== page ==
Another high-profile case occurred on a Northern California highway road in July of 2017. 18-year-old Obdulia Sanchez, an Instagram user with over 5,000 followers at the time, broadcasted an Instagram livestream whilst driving intoxicated along the busy California road. As reported by the California Highway Patrol, Sanchez lost control of her car after it skidded off the road. Sanchez attempted to regain control of the vehicle, but overcorrected, sending the car flying violently off the highway until it collided with a barbed-wire fence. Sanchez’ 14-year-old sister, Jacqueline, lost her life in the collision, and her blood-soaked body could be seen in the video, lying lifeless on the floor.

While not many statistics specific to the use of video and picture recording apps whilst driving have been published, due to the novel nature of the phenomenon, it is clear from both of these high-profile examples, and undoubtedly many more that have gone unheard of, that the dangers arising from Snapping & Driving are very real. Its prevalence, particularly among young people, can be learned about quite easily. It seems that almost every person under the age of 30 has their own collection of personal accounts of witnessing and/or being involved in dangerous situations arising from Snapping & Driving. I spoke to one third-year UCC student about her own opinions and accounts of this phenomenon and, unsurprisingly, she had plenty to tell me:

“People are always snapping or recording vlog-style videos while they’re driving or stuck in traffic. I always get videos from two friends of mine in particular and they’re just recording a video while they’re stuck in traffic, holding the phone down by the gear stick. It’s such bad form, I always give out”.

The phenomenon of drivers recording themselves and/or taking pictures while stationary in traffic – for example, when stopped at traffic lights – is a common one, as there is an assumption that there is less of a danger in such situations. However, holding a mobile phone in your hand – or supporting it with another part of your body – whilst operating a vehicle in any situation is illegal. While there might be an illusion of safety because the car is stationary, there may still be an entire host of movement going on around you at any time. While you might be stationary, pedestrians, cyclists, and other drivers are still moving around you, so the entirety of your attention is necessary to ensure your safety at all times, as a UCC student points out:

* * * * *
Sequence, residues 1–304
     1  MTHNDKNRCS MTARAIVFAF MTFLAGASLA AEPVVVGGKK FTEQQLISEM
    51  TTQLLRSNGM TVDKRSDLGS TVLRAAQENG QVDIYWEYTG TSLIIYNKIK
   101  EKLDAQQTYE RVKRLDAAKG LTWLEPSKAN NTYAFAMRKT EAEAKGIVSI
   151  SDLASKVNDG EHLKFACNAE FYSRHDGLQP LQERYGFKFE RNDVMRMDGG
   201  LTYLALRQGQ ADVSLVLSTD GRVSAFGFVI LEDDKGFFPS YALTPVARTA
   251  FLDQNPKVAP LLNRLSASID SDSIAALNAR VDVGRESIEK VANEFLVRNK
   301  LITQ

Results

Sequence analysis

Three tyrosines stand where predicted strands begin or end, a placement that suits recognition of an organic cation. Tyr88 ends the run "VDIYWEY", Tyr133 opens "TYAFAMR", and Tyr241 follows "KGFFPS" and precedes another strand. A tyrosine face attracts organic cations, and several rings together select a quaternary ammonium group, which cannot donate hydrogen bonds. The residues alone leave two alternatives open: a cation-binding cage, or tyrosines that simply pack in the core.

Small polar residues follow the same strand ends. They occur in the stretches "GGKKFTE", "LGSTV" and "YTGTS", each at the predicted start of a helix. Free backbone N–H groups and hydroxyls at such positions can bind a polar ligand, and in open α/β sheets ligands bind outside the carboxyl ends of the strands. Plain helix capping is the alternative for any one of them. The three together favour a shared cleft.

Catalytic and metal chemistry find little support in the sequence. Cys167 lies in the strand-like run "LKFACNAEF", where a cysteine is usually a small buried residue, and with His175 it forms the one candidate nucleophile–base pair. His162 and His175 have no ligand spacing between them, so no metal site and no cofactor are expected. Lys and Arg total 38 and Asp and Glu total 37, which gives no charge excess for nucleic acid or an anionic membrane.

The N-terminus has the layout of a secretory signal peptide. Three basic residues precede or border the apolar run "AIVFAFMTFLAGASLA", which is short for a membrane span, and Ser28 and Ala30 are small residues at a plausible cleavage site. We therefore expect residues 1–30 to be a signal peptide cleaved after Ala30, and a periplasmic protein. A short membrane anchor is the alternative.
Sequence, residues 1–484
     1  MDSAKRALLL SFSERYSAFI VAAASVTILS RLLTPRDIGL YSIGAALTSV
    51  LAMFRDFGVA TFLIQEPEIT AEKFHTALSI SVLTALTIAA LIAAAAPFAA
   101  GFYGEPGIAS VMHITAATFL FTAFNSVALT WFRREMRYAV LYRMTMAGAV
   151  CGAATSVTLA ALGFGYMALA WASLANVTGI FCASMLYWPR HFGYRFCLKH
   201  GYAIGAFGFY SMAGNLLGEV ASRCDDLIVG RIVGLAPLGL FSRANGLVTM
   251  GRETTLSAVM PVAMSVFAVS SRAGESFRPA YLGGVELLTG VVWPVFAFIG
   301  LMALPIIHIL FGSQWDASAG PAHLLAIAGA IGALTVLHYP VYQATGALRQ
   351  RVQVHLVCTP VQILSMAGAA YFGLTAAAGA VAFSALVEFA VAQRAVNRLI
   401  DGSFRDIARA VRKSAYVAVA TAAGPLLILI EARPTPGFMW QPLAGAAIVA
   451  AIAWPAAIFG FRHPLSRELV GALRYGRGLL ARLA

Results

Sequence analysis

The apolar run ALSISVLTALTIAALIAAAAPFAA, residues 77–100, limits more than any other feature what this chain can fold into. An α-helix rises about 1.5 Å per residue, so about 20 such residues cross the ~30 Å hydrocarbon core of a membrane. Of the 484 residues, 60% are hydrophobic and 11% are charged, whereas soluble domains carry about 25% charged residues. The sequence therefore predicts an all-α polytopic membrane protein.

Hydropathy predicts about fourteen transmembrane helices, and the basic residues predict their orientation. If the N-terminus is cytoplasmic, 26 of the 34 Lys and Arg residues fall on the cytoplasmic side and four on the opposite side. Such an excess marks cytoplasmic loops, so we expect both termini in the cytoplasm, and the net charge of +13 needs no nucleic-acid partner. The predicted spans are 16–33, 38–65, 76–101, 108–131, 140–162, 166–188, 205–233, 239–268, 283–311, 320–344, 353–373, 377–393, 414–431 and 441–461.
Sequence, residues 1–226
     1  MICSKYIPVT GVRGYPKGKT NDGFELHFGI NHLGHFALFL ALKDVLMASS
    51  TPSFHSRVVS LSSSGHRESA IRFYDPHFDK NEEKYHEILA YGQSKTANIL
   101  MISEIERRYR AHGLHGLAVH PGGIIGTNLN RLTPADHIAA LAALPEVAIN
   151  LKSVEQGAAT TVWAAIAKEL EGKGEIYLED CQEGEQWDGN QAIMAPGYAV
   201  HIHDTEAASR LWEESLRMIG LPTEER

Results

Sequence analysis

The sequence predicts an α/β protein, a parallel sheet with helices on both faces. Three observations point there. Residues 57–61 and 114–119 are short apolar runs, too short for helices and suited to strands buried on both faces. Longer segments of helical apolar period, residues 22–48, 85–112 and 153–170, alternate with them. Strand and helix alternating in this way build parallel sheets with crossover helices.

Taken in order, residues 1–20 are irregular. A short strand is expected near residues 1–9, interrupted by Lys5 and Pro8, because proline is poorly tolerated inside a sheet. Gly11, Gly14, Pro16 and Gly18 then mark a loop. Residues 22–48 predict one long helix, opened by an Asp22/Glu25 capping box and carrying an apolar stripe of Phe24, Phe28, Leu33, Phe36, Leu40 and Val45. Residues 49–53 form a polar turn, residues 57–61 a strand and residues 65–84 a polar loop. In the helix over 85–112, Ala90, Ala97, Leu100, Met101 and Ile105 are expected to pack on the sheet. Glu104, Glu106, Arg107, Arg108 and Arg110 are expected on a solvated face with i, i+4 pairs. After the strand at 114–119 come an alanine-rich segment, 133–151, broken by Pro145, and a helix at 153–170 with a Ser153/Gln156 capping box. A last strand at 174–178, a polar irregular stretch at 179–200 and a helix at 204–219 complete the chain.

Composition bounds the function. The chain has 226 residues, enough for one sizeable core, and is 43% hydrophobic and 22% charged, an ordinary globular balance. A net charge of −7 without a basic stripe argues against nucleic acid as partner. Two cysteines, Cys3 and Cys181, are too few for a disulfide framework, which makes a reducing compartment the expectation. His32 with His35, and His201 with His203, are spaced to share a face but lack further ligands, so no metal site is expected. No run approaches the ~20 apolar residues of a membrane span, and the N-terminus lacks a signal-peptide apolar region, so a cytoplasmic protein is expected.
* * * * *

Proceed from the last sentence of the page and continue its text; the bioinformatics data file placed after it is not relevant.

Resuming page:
“I get videos from friends on snapchat and it’s clear that they’re stuck in traffic, but that’s just as bad as Snapping while actively driving because you could easily lose concentration and roll into the car in front [of you]”. She is adamant that the dangers are high, despite the situation or how long the distraction lasts: “It only takes a second, just one ‘quick’ glance down, and you’re dead”.

Snapping & Driving may be a new problem, but it is certainly an extremely grave and prevalent one. Due to the lack of research and statistics into the area of Snapping & Driving specifically, I decided to reach out to the RSA with the aim of establishing a dialogue around this phenomenon and asking some necessary questions. According to my correspondence with a representative from the RSA, it appears that there is yet to be any specific campaigning in the works in order to tackle the rise in incidents resulting from Snapping & Driving:

“The RSA message is clear.  Don’t use a mobile phone – for any reason when you are behind the wheel of a car. This applies to situations while driving or when stopped in traffic”.

The representative then directs me to the “Driver Distraction: Mobile Phones & Driving” webpage, which details the various dangers of using a mobile phone whilst driving, as outlined by the RSA.

Whether or not Snapping & Driving will be campaigned against as an individual motoring issue in the future remains to be seen. We have already a seen a number of cases, as tragic as they are avoidable and senseless, resulting from the use of photo and video recording apps whilst driving. The number of deaths resulting from this specific phenomenon has risen, and will continue to rise, until a strong message is sent out, and understood by those who are otherwise ignorant to the consequences that their dangerous and irresponsible actions may have. If we can be certain of one thing, it’s that when it comes to taking pictures or videos while out on the road, we all need to snap out of it, and wake up to the utter life-changing tragedy that can occur equally in the blink of an eye, as it can in the flash of a lens.